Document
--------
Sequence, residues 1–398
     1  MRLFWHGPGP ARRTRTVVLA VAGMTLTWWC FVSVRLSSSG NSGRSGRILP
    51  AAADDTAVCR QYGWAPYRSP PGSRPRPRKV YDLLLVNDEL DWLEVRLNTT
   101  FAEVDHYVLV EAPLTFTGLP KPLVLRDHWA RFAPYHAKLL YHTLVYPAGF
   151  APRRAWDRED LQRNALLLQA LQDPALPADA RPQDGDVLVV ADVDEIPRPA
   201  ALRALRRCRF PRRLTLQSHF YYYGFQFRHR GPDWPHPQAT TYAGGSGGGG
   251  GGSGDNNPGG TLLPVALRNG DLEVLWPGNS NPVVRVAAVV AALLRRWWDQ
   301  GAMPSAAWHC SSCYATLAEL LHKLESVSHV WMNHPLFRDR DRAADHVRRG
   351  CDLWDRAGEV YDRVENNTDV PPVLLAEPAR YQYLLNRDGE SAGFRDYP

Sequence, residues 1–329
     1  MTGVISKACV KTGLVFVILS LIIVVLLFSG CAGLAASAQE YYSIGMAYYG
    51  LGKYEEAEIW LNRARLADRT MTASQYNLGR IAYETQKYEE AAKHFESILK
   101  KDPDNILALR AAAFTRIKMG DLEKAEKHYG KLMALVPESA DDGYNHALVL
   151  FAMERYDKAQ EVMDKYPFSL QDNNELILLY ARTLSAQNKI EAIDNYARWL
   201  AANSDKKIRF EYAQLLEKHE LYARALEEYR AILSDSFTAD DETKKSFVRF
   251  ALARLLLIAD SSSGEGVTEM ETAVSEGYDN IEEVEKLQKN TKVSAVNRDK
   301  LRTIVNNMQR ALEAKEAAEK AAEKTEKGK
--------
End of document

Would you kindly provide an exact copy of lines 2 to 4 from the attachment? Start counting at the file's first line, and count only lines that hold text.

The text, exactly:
     1  MRLFWHGPGP ARRTRTVVLA VAGMTLTWWC FVSVRLSSSG NSGRSGRILP
    51  AAADDTAVCR QYGWAPYRSP PGSRPRPRKV YDLLLVNDEL DWLEVRLNTT
   101  FAEVDHYVLV EAPLTFTGLP KPLVLRDHWA RFAPYHAKLL YHTLVYPAGF